reached for his knife. It was gone,
and before he could recover the gun
the buck rose to Its feet and charged
Chalmers' hands were badly lacer
ated by the antlers of the deer, but
otherwise he Is nono the worse for
his exhausting struggle. He returned
here today in company with Dr,
Charles Oakley, bringing the buck as
a trophy. Saranac Iake (X. Y.) Spe
cial to Philadelphia Public Ledger.
Porcupines Kiil Alaskan Trees
Milo Kelly says that porcupines kill
more timber on the coast of Alaska
than is used for commercial purposes.
"Wherever you go along the coast,"
said he. "you will notice dead stand
iiu; timber. There are whole patches
of these ill places. In i,iiip cases out
af ten ttie cause can lie traced to the
work of porcupines. They ring th
ttves in hunting fur Hie Mi;t liaili
in xt '.l,c hap.
"The government N gii' t,, ,,is
ol' tfoul.le lllul expense la c, a . t . p
t!.e I laiher nlon;; l!i; pi , ,,
in inerlooking the n-.-t ,j ar i, n
of all ;:( !is. Tlie It. : : f. I
era. I'1 a! lo do if il 'vaa.i - I - -tl
i ' I I' is to hal .- i" ,- i 1 1 1 1 ,.j
I' I, e!
'.-! 1 '" 'OM-ii)tia-s." ( 'op' ,
( ,:-.- r;c.-s:-!rT v-n i '-
" :" 1 ' i p.-,' -j ; . -, , , la,
: . ( . i . '. r I .a i,. - - a
a ' it
;i in p
a. i1 i .
U I; ' ; a',- li,l- I- M. ;
lla I , ih'm' ;.i. -,n ,
ruin ii, ha iim la .-'i l j ; i n. 1
he Hand ol a Master Workman.
No one who passed the elaborately
dressed windows of the l'eter shoe i
stoic call help but be convinced that '
the dressing of the windows as they!
stand, w it h t he works of art in l he line
of foot wearing apparel, nt.d blended
with the vines and other decorations,:
which make such a delightful collec
tion and are so suggestive of the holi-
lay .season, but must acknowledge
that it was the hand of a master
decorator which gave the finishing
touches to this dream of the shoe
salesman's idea of what is proper in
the displaying of their wares.
Henry (loos is surely on to his job
when it comes to making a window
display, and he has not slighted the
work at this time. Do not neglect
to see this piece of workmanship.
Farmers l levator Meeting.
John Albert departed for Cedar
Creek this morning via the Burlington
where he goes to attend the annual
meeting of the fanners' elevator com
pany of Cedar Creek. The elevator
has been doing business at that place
for some two years, and have made the
proposition prosper. Win. Schneider
has had the management of the'bus
iness and has made good.
New York Sun ol 1833.
We stepped into the ollice of County
Attorney W. C. Hana-cy this morning
and was shown the first copy of the
daily edition of the New York Sun,
ssued on September l, 1S.TI.
paper was probably ten by twelve
inches pcrpngo, and contained three
columns. Mr. B. S. Ramsey, the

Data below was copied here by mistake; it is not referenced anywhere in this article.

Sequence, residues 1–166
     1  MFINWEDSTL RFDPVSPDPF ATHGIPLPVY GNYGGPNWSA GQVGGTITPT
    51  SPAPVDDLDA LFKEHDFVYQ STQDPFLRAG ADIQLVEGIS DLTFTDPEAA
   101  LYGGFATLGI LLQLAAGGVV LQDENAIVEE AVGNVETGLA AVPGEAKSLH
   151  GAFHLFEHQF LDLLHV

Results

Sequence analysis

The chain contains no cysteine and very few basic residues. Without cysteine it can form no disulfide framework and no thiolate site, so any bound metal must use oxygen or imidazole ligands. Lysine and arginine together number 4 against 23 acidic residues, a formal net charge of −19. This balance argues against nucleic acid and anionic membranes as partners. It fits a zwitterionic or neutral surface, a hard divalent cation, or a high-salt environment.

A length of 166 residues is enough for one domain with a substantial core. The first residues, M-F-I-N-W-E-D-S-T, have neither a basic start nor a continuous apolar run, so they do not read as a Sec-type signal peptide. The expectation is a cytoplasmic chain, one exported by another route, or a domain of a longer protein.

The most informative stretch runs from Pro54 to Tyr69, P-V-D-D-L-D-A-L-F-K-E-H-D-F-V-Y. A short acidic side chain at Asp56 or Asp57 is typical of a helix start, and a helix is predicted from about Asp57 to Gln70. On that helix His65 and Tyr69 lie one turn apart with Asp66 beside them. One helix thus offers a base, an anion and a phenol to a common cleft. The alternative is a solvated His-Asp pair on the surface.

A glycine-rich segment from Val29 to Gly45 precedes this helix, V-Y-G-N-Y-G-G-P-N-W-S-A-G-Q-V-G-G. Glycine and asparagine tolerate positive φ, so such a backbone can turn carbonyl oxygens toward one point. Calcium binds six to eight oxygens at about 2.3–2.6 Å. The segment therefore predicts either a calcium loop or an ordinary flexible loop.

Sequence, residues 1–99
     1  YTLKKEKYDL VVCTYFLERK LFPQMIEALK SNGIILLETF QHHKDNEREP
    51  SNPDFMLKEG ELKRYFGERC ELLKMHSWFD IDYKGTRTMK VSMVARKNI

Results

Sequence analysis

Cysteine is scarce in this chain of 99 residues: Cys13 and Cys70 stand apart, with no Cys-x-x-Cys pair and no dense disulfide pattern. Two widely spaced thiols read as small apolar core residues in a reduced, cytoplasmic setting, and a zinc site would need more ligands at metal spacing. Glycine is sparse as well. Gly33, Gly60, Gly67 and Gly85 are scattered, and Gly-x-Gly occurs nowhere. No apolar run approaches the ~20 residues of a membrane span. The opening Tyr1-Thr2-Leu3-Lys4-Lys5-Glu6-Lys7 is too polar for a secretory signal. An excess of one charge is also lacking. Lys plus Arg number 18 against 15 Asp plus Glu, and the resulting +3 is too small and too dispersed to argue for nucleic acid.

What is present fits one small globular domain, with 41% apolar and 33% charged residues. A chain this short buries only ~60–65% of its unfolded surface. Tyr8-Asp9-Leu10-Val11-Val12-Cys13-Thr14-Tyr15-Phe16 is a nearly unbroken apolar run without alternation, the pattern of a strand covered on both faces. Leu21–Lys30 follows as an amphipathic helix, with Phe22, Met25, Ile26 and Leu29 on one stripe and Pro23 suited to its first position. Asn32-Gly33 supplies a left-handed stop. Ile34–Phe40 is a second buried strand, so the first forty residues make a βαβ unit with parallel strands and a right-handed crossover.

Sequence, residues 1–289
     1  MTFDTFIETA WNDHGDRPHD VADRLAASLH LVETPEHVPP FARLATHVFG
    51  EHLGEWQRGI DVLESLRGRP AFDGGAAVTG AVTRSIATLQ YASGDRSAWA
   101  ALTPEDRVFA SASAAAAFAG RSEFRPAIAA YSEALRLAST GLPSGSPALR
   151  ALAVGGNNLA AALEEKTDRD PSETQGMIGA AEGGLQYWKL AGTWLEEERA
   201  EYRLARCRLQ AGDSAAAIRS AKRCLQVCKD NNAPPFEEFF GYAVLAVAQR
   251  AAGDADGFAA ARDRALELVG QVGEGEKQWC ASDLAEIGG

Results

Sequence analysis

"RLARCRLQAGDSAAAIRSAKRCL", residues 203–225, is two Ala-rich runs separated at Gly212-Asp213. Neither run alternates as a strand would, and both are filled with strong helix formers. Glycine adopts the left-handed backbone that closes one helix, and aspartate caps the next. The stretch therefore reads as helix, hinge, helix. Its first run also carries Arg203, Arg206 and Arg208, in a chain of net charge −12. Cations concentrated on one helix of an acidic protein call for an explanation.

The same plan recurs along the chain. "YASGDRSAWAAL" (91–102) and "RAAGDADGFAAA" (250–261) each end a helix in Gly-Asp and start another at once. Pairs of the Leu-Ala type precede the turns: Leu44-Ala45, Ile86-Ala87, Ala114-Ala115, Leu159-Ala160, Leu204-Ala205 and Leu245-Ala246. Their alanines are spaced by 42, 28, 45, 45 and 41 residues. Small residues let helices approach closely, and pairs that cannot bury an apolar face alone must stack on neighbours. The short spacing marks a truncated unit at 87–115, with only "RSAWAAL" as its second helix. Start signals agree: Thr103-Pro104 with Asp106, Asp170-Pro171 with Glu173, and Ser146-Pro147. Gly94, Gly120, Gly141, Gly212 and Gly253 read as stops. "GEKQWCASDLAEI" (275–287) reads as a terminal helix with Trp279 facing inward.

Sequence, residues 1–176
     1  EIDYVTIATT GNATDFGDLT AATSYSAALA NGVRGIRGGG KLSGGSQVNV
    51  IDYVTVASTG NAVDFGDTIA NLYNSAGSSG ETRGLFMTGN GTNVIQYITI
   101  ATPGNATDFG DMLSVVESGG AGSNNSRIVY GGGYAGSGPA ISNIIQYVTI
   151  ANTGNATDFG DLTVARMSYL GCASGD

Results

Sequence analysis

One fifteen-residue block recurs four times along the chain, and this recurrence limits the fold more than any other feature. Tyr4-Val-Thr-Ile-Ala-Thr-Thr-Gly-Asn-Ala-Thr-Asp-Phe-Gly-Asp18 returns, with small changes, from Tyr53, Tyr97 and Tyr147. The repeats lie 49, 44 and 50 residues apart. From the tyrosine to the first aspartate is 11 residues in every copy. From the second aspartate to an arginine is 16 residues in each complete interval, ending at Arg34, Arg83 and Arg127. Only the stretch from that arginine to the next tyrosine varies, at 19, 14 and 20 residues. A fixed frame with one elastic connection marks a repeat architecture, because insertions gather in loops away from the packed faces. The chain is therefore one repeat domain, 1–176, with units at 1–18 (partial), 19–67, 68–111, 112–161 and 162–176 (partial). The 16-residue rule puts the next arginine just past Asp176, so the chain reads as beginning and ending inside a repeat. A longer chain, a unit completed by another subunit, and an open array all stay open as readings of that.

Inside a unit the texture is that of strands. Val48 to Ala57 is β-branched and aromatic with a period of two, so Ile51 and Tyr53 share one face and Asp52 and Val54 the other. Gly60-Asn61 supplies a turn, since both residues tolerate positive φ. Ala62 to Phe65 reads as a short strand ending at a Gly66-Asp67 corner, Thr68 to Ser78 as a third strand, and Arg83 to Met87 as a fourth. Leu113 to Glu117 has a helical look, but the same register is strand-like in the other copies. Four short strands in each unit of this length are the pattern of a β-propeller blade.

owner, obtained this copy from John
M. Wilson, of Coopcrstown, N. Y.,
many years ago ami prizes it very
Little Norrls Peoples Better.
Little Norris, son of Mr. and Mrs.
N. K. Peoples, who has been so very
sick for some time past is reported
as improving nicely ami is now con
sidered as out of danger, with hopes of
an early ami permanent recovery.
Granted a Divorce.
In Judge Travis' court last night Sus
san Kndintnillcr was granted a divorce
from John II. I'.ndinmiler on
the grounds of desertion and the cus
tody of her son aged I I years.
Miss Patty Metzgar of Cedar
Creek was a visitor with friends in this
city this morning.
Held Makers of Taxlcab.
In a recent case In Paris where a
driver of a taxlcab was charged with
homicide and the representative of the
company with responsibility toward
tlie victim's family the court meted
out a lenient sentence to the former
und ordered the company to pay to
tho victim's widow a life annuity of
(JiiOf. and to each of her children Mltif.
a year until 'Sty reach the age of is.
Kxamiiuition of the car had disclosed
the fact that the metal work was of
bud quality and that It was badly
urorn. rendering its control diIicult.
bath S'reet, Bath, In Danger.
Some time ago great Indignation
was expressed by antiquarians and
artists throughout the country at the
threatened destruction of one side of
Path street. Hath, with Its Georgian
"oloiimule, and It was hoped that Hie
threatened danger had heen averted,
says the London Standard. On Satur
day mi ru ng, however, a lirm of local
?outrai Krs, acting on nn order from
the owners of the property, began the
work of demolition.
& f A P AJ i
A id. vj Ha3;py I
.Ikiil'J. . ''. i i ' . !
Call on liiiii.
Getting Burned Out Does
not Interfere wiih rust
lig Editor's plans.
ARE NOT FORGOTTEN
Harry E. Graves ol the I'nlon Led
ger to lie Married Soon.
The ollice force force of the lhiily
News were agreeably surprised this
mori ing at the imparted information
that on Next Wednesday Harry E.
Craves, son of Mr. and Mrs. Charles
L. Carves, will be joined in holy
wedlock to Miss Jennie K. Mark,
the beautiful and accomplished daugh
ter of Mr. and Mrs. W. II. Mark of
south of I'nion.
These young people are well and
favorably known in the community
where they live and also throughout
the county, and a goodly portion of
the stale. To know them is a pleas
ure, for their peisomdity is such as
to make all their friends glad to be
so counted. Harry is a rustler and
a young man of more than ordinary
abuility. lie has had charge of the
Union Ledger, which suffered when
the ;;r. at fire came to I'nion a vew
weeks since, end although burned
entirely out of his ollice, and having
to pile his ollice lixlurcs, furniture,
machinery and stock in the slerct,
did not fail to get out a paper the same
week, and a good one at that. One
who has this pluck and ability of
mastering the sil nation will make a
success in life.
We extend to this young couple
our best wishes and are sure they will
make good in the life that is before
them. We wish that all their fondest
dreams of the future may become real
ized and crystallized in the days
which are to come.
Christmas at Blue Hill.
Lee Cotnlr and wife and children
departed this morning for Blue II
where they will spend the holiays
at the home of Mr. Cottier's parents.
They will remain until after the holi
days, and while there Mr. Cot tier
will try and do some hunting of the
festive prairie chicken and the nimble
I HATT & SON j
Eggs and Cream
i'.'ili: J i i ip
( 'l.:--i! : i
A P ! A N A 3 , 10!:
7.11 'A ii.